In Response

by: Ahmed from: malaysia
August 06, 2012 10:11 PM
where do u get this crappy info... from the lame stream media??... oh sorry i mean the main stream media.... how abt u ask ur government to stop funding the syrian rebels, the terrorists in libya, Egypt and the list goes on....

In Response

by: a4hr from: pakistan
August 06, 2012 7:16 PM
its the same as USA they wanted oil therefore they invaded Afghanistan

Featured Videos

Your JavaScript is turned off or you have an old version of Adobe's Flash Player. Get the latest Flash player.
US Carriers Suspend Travel to Israeli
X
Carolyn Presutti
July 23, 2014 1:21 AM
The United States is prohibiting American carriers from flying to Israel's airport in Tel Aviv for 24 hours, because of rising violence between Israel and Hamas militants. The action was announced on Tuesday, after a rocket fired by Hamas militants in the Gaza Strip landed near the airport. As VOA's Carolyn Presutti tells us, international officials soon may have to determine which combat zones are too dangerous for commercial flights.
Video

Video US Carriers Suspend Travel to Israel

The United States is prohibiting American carriers from flying to Israel's airport in Tel Aviv for 24 hours, because of rising violence between Israel and Hamas militants. The action was announced on Tuesday, after a rocket fired by Hamas militants in the Gaza Strip landed near the airport. As VOA's Carolyn Presutti tells us, international officials soon may have to determine which combat zones are too dangerous for commercial flights.
Video

Video NASA Focuses on Earth-Like Planets

For decades, looking for life elsewhere in the universe meant listening for signals that could be from distant civilizations. But recent breakthroughs in space technology refocused some of that effort toward finding planets that may harbor life, even in its primitive form. VOA’s George Putic reports on a recent panel discussion at NASA’s headquarters, in Washington.
Video

Video IAEA: Iran Turns its Enriched Uranium Into Less Harmful Form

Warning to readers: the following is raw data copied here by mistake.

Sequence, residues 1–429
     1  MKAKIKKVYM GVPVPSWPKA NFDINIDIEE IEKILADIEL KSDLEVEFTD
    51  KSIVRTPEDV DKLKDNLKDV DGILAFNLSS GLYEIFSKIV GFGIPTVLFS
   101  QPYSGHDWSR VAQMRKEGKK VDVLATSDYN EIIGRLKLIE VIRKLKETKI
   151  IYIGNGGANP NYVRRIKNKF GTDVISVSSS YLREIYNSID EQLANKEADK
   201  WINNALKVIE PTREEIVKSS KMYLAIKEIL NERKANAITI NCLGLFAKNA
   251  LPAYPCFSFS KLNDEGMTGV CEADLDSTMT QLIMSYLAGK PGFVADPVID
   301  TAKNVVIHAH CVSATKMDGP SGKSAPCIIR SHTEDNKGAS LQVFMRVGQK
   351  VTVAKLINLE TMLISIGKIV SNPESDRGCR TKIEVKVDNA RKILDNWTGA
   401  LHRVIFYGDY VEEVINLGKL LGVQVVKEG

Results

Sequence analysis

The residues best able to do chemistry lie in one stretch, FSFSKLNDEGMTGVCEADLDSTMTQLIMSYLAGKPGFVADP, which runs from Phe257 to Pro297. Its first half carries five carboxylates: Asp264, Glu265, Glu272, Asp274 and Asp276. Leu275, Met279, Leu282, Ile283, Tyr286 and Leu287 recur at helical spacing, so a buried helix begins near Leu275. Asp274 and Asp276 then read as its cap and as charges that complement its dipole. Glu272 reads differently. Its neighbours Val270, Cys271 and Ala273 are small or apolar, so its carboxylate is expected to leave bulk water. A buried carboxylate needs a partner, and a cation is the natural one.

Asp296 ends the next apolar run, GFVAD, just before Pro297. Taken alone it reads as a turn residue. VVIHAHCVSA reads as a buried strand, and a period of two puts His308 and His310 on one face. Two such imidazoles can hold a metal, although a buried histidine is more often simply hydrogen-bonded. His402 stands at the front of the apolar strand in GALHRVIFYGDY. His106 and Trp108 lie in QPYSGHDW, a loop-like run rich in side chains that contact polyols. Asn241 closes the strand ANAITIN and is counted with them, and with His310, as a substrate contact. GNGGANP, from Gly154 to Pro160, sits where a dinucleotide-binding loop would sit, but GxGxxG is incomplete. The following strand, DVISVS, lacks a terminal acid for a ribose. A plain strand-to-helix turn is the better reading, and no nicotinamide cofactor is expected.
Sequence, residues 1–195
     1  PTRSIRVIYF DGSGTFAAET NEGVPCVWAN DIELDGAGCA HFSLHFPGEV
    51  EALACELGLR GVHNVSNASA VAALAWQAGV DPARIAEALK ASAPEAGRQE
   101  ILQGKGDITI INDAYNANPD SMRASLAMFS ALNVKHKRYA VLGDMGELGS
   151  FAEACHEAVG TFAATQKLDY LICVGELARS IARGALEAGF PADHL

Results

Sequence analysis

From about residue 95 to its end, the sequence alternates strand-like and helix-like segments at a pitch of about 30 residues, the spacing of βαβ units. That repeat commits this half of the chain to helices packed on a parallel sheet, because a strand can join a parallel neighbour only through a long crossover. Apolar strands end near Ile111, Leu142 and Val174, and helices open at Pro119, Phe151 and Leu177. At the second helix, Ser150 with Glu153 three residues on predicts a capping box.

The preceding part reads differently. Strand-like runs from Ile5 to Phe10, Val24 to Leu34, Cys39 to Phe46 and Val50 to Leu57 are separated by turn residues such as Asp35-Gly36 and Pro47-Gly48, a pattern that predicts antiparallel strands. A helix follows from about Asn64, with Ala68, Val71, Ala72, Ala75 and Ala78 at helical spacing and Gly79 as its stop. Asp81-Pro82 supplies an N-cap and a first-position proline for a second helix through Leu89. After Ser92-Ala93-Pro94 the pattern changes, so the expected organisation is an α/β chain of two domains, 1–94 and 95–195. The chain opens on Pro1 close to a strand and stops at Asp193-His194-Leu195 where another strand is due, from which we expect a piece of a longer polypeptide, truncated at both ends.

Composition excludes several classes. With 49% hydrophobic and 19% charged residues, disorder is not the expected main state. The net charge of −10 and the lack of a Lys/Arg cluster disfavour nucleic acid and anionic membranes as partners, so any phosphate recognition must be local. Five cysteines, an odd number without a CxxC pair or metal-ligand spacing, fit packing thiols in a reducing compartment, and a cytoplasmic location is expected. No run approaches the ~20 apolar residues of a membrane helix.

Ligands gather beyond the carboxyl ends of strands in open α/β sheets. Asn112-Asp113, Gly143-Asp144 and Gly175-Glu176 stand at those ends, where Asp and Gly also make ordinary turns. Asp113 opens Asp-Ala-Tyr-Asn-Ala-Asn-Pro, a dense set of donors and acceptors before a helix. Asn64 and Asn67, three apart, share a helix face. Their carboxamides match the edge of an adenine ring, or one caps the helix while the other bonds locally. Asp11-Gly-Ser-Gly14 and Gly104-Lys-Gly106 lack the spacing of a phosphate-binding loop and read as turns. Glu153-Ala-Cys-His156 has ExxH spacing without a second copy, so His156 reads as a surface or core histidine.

Iran has converted its stockpiles of enriched uranium into a less dangerous form that is more difficult to use for nuclear weapons, according to the United Nations’ Atomic Energy Agency. The move complies with an interim deal reached with Western powers on Iran's nuclear program last year, in exchange for easing of sanctions. Henry Ridgwell reports for VOA from London.
Video

Video Relic of Saint Draws Catholics Worried About Immigration Issue

A Roman Catholic saint who is a figure of devotion for those crossing the border into the United States is attracting believers concerned about the plight of undocumented immigrants. Mike O'Sullivan reports from Los Angeles, where a relic of Saint Toribio has drawn thousands to local churches.
Video

Video US Awards Medal of Honor for Heroics in Bloodiest of Afghan Battles

U.S. combat troops are withdrawing from Afghanistan, on pace to leave the country by the end of this year. But on Monday, U.S. President Barack Obama took time to honor a soldier whose actions while under fire in Afghanistan earned him the Medal of Honor. VOA's Jeff Seldin has more from the Pentagon.
Video

Video Ukraine Rebels Surrender MH17 Black Boxes

After days of negotiations, a senior separatist leader handed over two black boxes from an airliner downed over eastern Ukraine to Malaysian experts early Tuesday. While on Monday, the U.N. Security Council unanimously demanded that armed groups controlling the crash site allow safe and unrestricted access to the wreckage.
Video

Video In Cambodia, HIV Diagnosis Brings Deadly Shame

Although HIV/AIDS is now a treatable condition, a positive diagnosis is still a life altering experience. In Cambodia, people living with HIV are often disowned by friends, family and the community. This humiliation can be unbearable. We bring you one Cambodian woman’s struggle to overcome a life tragedy and her own HIV positive diagnosis.
Video

Video Nature of Space Exploration Enters New Age

Forty-five years ago this month, the first humans walked on the moon. It was during an era of the space race between the United States and the Soviet Union. World politics have changed since then and -- as Elizabeth Lee reports -- so has the nature of space exploration.

AppleAndroid